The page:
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Editorial: Troubling case exposes problems in how DCF handles abused teens

By Editorial Board
On April 28, 2014

A strange and horrifying story is currently unfolding in Connecticut's Department of Children and Families. "Jane Doe," a 16-year-old transgender girl under the care of DCF was sent to solitary confinement in an adult prison this month, without being charged with a crime.
The DCF took advantage of a rarely used provision that allows them to transfer a minor under their care to an adult prison if they prove there's nowhere else they can care for him or her. In this case, DCF petitioned to have Jane Doe sent to York Correctional Institute in Niantic after she assaulted a staff member at a facility in Massachusetts. They claimed it was unsafe to have her at the facility.
This situation is alarming for a number of reasons. First, the girl has never been charged with or convicted of a crime. The staff member she assaulted did not press charges. However, Jane Doe has experienced severe abuse, including being repeatedly raped, beaten, denied food and trafficked for sex. It's common for young people under DCF's care to have serious behavioral issues from similar abuse. Solitary confinement in an adult prison is not the best environment to help her overcome a history of serious trauma.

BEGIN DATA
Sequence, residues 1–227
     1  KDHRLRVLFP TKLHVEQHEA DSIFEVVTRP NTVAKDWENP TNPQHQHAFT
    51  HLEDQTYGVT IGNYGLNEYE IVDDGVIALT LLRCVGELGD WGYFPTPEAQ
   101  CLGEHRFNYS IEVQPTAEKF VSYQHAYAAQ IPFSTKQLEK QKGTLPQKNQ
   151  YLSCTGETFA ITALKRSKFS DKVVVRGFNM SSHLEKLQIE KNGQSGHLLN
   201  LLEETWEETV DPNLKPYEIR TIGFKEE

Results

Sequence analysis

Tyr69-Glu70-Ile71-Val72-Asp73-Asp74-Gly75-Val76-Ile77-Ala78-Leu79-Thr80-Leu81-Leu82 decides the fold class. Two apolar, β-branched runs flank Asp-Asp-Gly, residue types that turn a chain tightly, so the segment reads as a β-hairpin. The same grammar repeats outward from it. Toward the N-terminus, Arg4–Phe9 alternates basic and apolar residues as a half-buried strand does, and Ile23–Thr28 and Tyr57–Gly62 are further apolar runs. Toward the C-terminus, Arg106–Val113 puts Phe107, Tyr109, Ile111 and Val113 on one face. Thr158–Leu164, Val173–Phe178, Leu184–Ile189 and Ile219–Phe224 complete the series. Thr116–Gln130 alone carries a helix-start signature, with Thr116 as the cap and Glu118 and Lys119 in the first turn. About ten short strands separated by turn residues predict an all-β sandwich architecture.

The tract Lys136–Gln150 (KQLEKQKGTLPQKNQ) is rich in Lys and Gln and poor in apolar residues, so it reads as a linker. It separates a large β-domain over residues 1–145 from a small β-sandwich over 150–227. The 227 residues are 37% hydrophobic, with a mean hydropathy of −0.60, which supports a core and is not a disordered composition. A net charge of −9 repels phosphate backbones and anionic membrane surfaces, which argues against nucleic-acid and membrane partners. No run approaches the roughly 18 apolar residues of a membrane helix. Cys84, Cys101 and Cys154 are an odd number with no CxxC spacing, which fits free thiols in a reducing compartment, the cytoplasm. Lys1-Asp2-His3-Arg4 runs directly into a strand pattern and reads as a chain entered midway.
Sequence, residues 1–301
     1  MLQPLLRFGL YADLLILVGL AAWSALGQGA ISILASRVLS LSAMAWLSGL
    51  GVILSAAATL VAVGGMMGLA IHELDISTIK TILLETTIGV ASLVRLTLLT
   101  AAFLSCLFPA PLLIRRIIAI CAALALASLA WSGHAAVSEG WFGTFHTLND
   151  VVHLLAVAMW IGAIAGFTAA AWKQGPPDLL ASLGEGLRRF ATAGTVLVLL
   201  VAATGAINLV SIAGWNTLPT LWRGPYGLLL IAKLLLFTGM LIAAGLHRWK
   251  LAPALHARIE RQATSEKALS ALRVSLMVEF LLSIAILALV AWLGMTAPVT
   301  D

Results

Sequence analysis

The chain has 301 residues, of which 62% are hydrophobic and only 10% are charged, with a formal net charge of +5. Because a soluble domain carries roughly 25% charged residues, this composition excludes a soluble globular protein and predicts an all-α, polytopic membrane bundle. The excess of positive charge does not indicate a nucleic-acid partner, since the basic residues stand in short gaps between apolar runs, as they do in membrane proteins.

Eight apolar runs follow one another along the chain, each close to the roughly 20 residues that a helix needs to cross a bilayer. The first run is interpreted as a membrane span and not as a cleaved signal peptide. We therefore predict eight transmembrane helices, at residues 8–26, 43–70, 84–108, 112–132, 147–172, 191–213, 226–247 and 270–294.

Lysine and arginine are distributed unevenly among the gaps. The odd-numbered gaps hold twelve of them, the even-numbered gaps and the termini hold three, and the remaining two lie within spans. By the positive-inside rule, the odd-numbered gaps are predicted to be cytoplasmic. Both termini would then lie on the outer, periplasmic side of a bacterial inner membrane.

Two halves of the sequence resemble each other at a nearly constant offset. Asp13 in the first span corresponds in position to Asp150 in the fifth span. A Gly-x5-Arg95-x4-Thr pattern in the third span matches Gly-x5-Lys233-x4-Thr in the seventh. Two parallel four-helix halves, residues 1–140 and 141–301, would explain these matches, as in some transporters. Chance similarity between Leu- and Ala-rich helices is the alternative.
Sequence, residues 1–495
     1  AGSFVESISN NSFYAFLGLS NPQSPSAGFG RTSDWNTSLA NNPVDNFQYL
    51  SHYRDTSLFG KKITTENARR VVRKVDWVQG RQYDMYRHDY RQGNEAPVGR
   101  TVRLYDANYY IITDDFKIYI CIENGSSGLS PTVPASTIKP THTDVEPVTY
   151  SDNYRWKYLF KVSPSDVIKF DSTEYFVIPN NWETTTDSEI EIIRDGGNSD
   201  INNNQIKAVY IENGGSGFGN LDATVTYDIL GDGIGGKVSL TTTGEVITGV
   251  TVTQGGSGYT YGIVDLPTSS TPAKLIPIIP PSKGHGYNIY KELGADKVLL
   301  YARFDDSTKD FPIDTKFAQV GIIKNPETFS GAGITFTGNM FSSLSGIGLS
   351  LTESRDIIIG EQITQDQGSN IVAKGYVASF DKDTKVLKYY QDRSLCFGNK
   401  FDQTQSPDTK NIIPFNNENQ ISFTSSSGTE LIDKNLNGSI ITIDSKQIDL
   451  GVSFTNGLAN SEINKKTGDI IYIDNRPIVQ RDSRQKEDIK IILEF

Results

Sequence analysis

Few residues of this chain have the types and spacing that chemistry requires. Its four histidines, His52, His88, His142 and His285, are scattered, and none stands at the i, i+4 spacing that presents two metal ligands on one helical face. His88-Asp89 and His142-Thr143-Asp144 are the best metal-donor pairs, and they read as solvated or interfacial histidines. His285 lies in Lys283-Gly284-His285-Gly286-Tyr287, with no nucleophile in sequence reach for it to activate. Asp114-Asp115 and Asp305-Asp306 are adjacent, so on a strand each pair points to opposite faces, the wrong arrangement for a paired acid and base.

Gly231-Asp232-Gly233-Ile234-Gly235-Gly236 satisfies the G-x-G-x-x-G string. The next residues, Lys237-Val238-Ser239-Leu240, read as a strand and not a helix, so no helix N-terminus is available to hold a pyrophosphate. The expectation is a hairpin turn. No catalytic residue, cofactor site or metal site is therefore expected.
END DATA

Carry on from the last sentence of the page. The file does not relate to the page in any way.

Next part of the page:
Jane Doe's lawyers are appealing her transfer to adult prison on constitutional grounds. They claim that the state had options for placing her other than solitary confinement in an adult prison-and they may have a strong case for that. Many of DCF's actions have been, at best, strange in regards to Jane Doe.
First, the DCF petitioned to have her sent to adult prison after the assault in Massachusetts. Ten days later, DCF Commissioner Joette Katz described her case before the state legislature to show the need for opening a new facility in Middletown for delinquent girls. A month later, she made a similar claim. Katz then told a radio station that there are more than 20 DCF girls in similar detention situations and that the new facility in Middletown would have been full over the past few months.
In her last report to the legislature, Katz stated that there were only five girls in the 12 bed facility in Middletown. Jane Doe's lawyers say that the danger she posed has been greatly over-represented and that she should be in that facility. Susan Staub of the ACLU accused the DCF of using Jane Doe's story to get the facility opened.
Regardless of DCF's motives, solitary confinement in an adult prison is almost certainly not the place for a girl who needs socialization, psychiatric care and education. She should be moved to a more appropriate facility as soon as possible. 

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